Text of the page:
The Political Economy of Communication provides a thorough coverage of an important area of communication studies: the political economy approach to media.
This highly successful text has been thoroughly updated, restructured and rewritten in this new edition, clearly demonstrating how power operates across all media, from newspapers to Facebook, and how media power intersects with globalization, social class, race, gender and surveillance.
- Provides a summary of the field of political economy, looking at its history and major schools of thought
- Highlights the work of key figures and differences that established the divide between economics and political economy
- Explains the necessity of media students to understand the general political economy tradition and the way in which it informs the political economy of communication
- Addresses the interdisciplinary nature of the field, with its links to economics, geography and sociology, and cultural and policy studies
This book offers a unique overview of the field of political economy of communication and will be of use to upper level undergraduate and graduate students of media and communication.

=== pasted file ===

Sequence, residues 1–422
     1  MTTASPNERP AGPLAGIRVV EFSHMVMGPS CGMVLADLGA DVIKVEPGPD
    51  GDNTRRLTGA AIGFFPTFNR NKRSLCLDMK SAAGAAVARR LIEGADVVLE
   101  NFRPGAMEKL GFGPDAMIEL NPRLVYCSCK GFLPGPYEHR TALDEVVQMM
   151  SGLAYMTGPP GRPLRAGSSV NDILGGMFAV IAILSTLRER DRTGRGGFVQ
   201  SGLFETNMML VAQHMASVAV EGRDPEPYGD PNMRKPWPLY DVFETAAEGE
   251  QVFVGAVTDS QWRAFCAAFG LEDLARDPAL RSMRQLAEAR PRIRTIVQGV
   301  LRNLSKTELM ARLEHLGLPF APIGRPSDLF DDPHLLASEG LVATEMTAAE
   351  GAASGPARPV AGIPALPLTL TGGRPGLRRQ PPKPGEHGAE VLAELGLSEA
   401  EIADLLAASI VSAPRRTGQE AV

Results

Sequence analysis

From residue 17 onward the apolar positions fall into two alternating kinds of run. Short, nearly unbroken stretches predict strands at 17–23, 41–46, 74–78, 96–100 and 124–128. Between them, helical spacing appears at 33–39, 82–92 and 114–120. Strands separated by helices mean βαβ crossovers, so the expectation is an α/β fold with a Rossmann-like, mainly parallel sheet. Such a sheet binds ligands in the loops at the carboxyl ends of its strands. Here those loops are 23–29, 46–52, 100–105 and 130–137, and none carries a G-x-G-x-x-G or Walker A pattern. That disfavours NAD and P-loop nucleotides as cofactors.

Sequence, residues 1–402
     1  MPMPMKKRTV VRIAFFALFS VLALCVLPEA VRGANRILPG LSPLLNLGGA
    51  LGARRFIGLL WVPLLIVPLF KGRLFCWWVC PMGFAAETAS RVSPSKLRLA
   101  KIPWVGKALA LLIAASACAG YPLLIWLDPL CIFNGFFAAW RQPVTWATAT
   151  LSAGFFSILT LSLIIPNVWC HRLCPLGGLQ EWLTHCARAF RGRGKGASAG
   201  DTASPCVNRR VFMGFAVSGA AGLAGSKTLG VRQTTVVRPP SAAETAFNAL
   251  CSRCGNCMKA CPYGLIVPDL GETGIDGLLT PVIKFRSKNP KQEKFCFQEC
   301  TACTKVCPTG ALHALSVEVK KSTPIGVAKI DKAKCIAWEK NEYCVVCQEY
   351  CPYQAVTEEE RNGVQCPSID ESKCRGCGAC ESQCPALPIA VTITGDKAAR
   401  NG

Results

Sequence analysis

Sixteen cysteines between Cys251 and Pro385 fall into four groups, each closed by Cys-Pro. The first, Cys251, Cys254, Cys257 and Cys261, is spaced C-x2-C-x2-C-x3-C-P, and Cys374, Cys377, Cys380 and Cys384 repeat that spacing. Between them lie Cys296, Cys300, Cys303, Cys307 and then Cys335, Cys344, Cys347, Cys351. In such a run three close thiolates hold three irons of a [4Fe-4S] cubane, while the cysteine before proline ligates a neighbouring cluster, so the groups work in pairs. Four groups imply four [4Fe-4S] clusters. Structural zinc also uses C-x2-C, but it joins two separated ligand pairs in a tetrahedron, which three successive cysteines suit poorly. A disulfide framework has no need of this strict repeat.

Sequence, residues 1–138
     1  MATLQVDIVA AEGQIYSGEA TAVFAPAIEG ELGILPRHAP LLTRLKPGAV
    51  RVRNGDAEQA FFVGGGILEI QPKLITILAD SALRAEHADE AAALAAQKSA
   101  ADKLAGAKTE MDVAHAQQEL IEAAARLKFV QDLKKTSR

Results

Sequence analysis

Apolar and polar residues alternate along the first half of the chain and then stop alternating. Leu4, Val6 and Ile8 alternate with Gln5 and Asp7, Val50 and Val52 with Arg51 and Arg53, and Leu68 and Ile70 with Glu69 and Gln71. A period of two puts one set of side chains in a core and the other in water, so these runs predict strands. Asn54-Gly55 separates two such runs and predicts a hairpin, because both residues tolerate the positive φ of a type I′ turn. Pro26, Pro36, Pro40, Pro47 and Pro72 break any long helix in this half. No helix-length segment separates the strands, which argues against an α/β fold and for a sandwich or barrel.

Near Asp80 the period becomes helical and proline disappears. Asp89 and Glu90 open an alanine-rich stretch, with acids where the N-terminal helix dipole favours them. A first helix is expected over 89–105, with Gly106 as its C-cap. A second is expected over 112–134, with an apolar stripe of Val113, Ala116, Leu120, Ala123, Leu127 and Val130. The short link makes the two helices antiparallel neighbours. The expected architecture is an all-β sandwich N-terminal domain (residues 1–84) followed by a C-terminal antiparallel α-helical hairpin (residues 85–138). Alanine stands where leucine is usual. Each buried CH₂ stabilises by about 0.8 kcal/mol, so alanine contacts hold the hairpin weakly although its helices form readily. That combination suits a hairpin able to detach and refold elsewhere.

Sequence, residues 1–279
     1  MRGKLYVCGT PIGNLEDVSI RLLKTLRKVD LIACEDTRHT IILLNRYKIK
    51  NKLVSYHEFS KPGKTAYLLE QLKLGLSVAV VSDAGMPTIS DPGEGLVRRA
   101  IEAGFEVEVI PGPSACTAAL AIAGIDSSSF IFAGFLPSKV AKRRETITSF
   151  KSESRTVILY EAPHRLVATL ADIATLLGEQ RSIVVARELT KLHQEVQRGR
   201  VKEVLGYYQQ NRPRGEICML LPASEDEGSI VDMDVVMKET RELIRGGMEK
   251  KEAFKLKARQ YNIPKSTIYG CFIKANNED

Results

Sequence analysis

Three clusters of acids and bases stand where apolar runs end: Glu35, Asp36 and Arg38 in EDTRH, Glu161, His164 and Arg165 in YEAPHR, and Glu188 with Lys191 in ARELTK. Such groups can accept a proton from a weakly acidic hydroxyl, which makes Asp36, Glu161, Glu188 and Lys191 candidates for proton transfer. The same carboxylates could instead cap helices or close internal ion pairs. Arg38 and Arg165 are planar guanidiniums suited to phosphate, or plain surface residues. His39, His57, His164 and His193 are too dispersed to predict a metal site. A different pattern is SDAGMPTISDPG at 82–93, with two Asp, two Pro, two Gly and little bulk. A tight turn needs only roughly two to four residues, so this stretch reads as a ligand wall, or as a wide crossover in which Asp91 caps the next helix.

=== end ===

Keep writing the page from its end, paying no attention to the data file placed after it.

A line by line update of the 1996 First Edition, this Second Edition has been thoroughly revised, restructured and rewritten. Specific changes include:
• A introductory overview chapter
• Part One is now expanded into five chapters
• A new chapter (Chapter 6) addressing five current trends in the political economy of communication
• Chapter 7 begins with a new section on the philosophical foundation upon which to build a theory of the political economy of communication
• Chapter 8 gives more weight to the concept of globalization and its relationship to nationalism, terrorism, and fundamentalism
• Chapter 9 pays, greater attention to labor and to differences within the study of social class, gender, and race